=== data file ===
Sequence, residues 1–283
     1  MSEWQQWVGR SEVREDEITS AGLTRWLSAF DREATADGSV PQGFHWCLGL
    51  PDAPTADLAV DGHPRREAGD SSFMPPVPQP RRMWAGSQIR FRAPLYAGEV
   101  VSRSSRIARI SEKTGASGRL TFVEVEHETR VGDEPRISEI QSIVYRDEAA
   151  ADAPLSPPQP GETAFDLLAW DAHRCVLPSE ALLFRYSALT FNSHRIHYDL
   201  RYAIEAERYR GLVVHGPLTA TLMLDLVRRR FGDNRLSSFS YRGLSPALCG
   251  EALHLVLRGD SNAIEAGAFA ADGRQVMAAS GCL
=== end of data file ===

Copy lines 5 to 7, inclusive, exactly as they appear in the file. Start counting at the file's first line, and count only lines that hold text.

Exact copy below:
   151  ADAPLSPPQP GETAFDLLAW DAHRCVLPSE ALLFRYSALT FNSHRIHYDL
   201  RYAIEAERYR GLVVHGPLTA TLMLDLVRRR FGDNRLSSFS YRGLSPALCG
   251  EALHLVLRGD SNAIEAGAFA ADGRQVMAAS GCL